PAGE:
Steffen
Guest
Posts: n/a

 12-09-2005
Hi,

is there a simple way to use operators overloaded in some class for
objects of a derived class?

In my example I have a class Matrix that represents 2x2 matrices, and I
overloaded operator= and operator+ for this class. Then there is a
derived class DiagonalMatrix which represents diagonal 2x2-matrices. Now
I would like to use the operators = and + also for the diagonal
matrices, but the naive way doesn't work:

matrix.cc: In function `int main()':
matrix.cc:83: error: no match for 'operator=' in 'D3 =
Matrix:perator+(const Matrix&) const((&D2))'
matrix.cc:22: error: candidates are: DiagonalMatrix&
DiagonalMatrix:perator=(const DiagonalMatrix&)

Is there a way to do this without redefining these operators in the
derived class?

Thanks a lot
Steffen

Here is the code:

class Matrix
{
public:
Matrix(float m11=0, float m12=0, float m21=0, float m22=0);
Matrix(const Matrix &m);

virtual ~Matrix() {delete[] d;};

Matrix operator+(const Matrix &m) const;
Matrix& operator=(const Matrix &m);

float &c(int i, int j) const {return d[2*(i-1)+(j-1)];};

private:
float *d;
};

class DiagonalMatrix : public Matrix
{
public:
DiagonalMatrix() {};
DiagonalMatrix(float d1, float d2) {c(1,1) = d1; c(2,2) = d2;};
};

Matrix::Matrix(float m11, float m12, float m21, float m22)
{
d = new float[2*2];
c(1,1)=m11; c(1,2)=m12; c(2,1)=m21; c(2,2)=m22;
}

Matrix::Matrix(const Matrix &m)
{
d = new float[2*2];
for (int i=0 ; i<2 ; i++)
for (int j=0 ; j<2 ; j++)
c(i,j) = m.c(i, j);
}

Matrix Matrix:perator+(const Matrix &q) const
{
Matrix r;

for (int i=1 ; i<=2 ; i++)
for (int j=1 ; j<=2 ; j++)
r.c(i,j) = c(i,j) += q.c(i,j);

return r;
}

Matrix& Matrix:perator=(const Matrix &q)
{
for (int i=1 ; i<=2 ; i++)
for (int j=1 ; j<=2 ; j++)
c(i,j) = q.c(i,j);

return *this;
}

int main()
{
DiagonalMatrix D1(1,2);
DiagonalMatrix D2(3,4);
DiagonalMatrix D3;

D3 = D1 + D2; // this causes the error

return 0;
}

Neelesh Bodas
Guest
Posts: n/a

 12-09-2005

Steffen wrote:
>
>
> int main()
> {
> DiagonalMatrix D1(1,2);
> DiagonalMatrix D2(3,4);
> DiagonalMatrix D3;
>
> D3 = D1 + D2; // this causes the error
>

The return value of operator+ is a _value_ , not a reference or
pointer. So there is no legal conversion from the derived class _value_
to base class _value_. Hence the error.

> return 0;
> }

Victor Bazarov
Guest
Posts: n/a

 12-09-2005
Steffen wrote:
> is there a simple way to use operators overloaded in some class for
> objects of a derived class?
>
> In my example I have a class Matrix that represents 2x2 matrices, and I
> overloaded operator= and operator+ for this class. Then there is a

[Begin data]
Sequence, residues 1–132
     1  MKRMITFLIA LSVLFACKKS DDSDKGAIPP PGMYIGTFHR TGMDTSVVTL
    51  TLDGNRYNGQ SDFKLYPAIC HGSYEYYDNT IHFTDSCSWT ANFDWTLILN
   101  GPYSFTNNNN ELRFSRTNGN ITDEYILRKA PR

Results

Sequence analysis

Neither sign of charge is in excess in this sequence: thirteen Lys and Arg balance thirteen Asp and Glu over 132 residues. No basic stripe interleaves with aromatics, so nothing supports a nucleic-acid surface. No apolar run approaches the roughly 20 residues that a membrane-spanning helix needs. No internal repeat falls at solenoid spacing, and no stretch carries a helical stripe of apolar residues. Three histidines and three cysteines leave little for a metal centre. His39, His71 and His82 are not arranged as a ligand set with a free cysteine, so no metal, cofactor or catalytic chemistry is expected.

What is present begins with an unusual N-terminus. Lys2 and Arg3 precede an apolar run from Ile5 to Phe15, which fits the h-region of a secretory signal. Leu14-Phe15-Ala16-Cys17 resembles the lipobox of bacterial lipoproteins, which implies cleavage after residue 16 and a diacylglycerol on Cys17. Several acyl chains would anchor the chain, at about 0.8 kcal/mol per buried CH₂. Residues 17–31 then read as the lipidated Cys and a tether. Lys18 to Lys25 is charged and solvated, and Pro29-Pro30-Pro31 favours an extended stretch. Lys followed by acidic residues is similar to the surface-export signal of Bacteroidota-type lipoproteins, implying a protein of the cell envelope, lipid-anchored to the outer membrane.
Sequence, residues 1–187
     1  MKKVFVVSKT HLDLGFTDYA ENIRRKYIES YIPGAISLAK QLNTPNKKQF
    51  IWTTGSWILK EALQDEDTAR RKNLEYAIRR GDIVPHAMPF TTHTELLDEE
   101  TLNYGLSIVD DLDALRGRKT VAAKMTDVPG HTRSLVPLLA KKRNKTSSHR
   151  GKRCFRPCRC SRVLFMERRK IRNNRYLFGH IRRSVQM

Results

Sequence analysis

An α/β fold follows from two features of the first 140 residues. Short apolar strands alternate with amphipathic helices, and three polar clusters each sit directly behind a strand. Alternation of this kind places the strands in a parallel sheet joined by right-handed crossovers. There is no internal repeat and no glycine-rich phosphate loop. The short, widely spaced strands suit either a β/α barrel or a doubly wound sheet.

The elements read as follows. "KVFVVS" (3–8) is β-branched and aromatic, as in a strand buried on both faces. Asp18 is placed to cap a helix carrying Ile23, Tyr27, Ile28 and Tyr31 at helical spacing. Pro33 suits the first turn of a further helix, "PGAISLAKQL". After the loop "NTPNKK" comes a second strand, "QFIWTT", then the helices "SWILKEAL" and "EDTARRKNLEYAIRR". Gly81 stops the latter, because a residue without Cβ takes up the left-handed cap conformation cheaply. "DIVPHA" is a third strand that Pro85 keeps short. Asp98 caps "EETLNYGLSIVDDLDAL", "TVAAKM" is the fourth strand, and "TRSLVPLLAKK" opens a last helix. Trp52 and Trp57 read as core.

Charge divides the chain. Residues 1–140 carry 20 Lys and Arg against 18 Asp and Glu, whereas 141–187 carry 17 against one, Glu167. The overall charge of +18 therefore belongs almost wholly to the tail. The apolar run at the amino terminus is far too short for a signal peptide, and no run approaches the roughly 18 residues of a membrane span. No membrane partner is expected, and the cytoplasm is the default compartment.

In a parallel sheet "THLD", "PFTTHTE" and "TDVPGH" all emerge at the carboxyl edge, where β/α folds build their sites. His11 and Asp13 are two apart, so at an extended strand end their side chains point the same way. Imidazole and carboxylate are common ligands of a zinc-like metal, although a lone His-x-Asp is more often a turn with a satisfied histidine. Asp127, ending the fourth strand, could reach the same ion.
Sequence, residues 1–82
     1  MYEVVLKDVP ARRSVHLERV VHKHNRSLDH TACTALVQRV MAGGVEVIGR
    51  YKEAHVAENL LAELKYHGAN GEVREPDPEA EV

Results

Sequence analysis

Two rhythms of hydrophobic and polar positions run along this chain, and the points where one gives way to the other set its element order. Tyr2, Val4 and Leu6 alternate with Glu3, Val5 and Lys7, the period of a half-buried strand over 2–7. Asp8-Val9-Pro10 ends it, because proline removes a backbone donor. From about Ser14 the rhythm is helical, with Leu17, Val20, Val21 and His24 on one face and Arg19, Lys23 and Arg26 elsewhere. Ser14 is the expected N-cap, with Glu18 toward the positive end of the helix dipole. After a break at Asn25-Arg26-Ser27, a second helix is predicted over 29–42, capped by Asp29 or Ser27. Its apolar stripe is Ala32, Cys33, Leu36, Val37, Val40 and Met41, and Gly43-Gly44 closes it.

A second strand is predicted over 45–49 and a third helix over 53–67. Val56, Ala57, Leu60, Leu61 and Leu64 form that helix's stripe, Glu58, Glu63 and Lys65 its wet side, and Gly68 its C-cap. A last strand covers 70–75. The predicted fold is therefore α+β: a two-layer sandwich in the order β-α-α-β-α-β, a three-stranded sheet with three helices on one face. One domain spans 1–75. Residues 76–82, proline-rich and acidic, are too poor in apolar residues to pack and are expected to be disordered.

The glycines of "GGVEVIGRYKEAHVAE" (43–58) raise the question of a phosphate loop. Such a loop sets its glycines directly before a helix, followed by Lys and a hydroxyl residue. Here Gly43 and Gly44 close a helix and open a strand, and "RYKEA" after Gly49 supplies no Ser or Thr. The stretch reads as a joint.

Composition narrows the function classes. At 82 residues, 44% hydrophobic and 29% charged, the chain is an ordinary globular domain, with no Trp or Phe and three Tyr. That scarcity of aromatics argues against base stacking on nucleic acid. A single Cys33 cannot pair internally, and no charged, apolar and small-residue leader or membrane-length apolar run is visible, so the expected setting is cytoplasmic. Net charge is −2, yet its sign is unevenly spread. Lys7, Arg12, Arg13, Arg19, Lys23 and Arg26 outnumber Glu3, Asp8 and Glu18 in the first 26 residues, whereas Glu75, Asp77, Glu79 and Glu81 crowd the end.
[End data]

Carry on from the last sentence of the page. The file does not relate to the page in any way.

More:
> derived class DiagonalMatrix which represents diagonal 2x2-matrices. Now
> I would like to use the operators = and + also for the diagonal
> matrices, but the naive way doesn't work:
>
> matrix.cc: In function `int main()':
> matrix.cc:83: error: no match for 'operator=' in 'D3 =
> Matrix:perator+(const Matrix&) const((&D2))'
> matrix.cc:22: error: candidates are: DiagonalMatrix&
> DiagonalMatrix:perator=(const DiagonalMatrix&)
>
> Is there a way to do this without redefining these operators in the
> derived class?

It's generally a BAD IDEA(tm). First of all, your 'DiagonalMatrix' is not
necessarily properly derived. Think of this: a diagonal matrix has some
specific properties not all matrices have, right? Now, if I create some
algorithm that works on a "plain", unconstrained, Matrix, and then pass
a DiagonalMatrix to it, the algorithm can change the contents of my object
without concerning itself with the properties a diagonal matrix has, no?
It can simply add something off the main diagonal, and here you go, your
DiagonalMatrix object is not true any more.

So, whatever operation is performed by a member function of the base class
is not necessarily the right operation for the derived class, and that's
why you should think twice before allowing that.

But generally speaking, if you want to allow your operator+ that you wrote
for 'Matrix' to be used on a 'DiagonalMatrix', you will have to live with
the fact that it returns not a DiagonalMatrix, but only a Matrix. To make
it compile, define operator+ as NON-member. If you need it to be able to
access private data of Matrix objects, declare it a friend. That will
allow conversions (from DiagonalMatrix& to Matrix&) to be performed on
both operands, and not only on the right one.

V